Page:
Think it’s just the uneducated or the elderly who fall for Ponzi schemes and deceptive infomercials? Think again. Many victims, particularly those of investment fraud, are educated, wealthy, and financially literate, according to an AARP Foundation study.
Consider the case of Bernard Madoff, whose notorious investment scandal fooled thousands of individuals, including celebrities (Steven Spielberg), financial institutions (HSBC), and schools (New York University).
How exactly does this happen?Here are some more factors that contribute to our poor decisions…
Here’s a hint: If something seems too good to be true, it probably is. Take that as your first signal to do some investigating.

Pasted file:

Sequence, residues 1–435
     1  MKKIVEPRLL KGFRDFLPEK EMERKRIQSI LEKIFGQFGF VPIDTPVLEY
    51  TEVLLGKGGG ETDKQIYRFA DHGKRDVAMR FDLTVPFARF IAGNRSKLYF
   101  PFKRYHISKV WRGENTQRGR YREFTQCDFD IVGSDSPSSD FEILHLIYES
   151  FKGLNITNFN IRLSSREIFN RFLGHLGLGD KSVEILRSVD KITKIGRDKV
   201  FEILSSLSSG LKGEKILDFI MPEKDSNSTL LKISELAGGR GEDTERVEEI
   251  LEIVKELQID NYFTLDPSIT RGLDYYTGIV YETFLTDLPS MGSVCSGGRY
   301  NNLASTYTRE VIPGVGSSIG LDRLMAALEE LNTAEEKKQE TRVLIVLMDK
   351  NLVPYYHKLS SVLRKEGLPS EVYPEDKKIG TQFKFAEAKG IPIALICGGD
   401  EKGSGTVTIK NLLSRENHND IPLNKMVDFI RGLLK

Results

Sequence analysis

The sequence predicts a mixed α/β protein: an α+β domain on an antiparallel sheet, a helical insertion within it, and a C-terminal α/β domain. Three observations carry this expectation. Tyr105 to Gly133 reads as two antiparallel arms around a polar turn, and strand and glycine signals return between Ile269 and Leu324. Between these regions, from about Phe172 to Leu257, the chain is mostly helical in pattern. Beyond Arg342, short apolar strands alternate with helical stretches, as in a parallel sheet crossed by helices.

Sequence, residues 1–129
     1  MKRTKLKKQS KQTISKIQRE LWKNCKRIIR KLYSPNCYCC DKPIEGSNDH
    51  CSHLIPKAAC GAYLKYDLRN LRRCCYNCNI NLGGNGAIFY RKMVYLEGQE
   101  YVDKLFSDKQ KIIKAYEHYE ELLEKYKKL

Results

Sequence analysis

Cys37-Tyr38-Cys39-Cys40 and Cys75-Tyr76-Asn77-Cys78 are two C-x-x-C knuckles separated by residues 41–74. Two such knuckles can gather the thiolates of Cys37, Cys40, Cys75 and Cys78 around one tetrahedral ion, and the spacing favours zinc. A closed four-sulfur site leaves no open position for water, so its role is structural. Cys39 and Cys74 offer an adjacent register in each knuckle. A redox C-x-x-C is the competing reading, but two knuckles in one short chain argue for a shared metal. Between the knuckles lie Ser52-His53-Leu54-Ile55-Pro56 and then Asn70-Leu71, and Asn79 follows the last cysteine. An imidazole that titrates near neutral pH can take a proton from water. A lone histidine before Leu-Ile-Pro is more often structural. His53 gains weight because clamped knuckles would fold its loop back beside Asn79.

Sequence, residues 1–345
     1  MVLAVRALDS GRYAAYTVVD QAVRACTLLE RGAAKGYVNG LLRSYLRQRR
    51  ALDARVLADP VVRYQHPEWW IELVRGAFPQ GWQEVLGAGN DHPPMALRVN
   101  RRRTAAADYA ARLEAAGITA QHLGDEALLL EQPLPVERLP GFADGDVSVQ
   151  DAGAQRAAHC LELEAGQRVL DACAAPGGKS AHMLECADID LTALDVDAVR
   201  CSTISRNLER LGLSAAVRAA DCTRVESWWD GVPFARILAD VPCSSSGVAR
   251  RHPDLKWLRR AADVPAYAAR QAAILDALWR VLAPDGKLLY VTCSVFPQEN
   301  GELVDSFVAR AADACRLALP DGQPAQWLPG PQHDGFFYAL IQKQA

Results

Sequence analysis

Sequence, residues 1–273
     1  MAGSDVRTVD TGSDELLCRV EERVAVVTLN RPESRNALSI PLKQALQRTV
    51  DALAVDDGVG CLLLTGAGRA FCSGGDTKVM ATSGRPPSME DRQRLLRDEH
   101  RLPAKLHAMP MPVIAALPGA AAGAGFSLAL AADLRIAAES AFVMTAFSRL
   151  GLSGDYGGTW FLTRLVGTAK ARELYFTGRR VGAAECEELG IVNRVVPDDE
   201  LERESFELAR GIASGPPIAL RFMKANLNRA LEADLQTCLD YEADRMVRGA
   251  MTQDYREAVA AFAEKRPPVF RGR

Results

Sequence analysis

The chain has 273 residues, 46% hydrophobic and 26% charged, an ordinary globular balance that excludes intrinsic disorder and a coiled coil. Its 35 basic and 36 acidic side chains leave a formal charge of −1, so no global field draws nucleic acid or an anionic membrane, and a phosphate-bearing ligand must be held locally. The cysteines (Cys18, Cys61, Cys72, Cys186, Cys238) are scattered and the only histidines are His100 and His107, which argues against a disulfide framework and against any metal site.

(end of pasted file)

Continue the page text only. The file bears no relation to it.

If you’re unsure if you’re dealing with a legitimate source, look up the contact info of the company or organization (even if a number is provided in the literature you have in your hand), call the number you find, and ask questions to see if all the facts match up. If a scam artist appears at your door, always ask to see identification – and don’t hesitate to turn him away if that quick flash of a badge seems suspicious.
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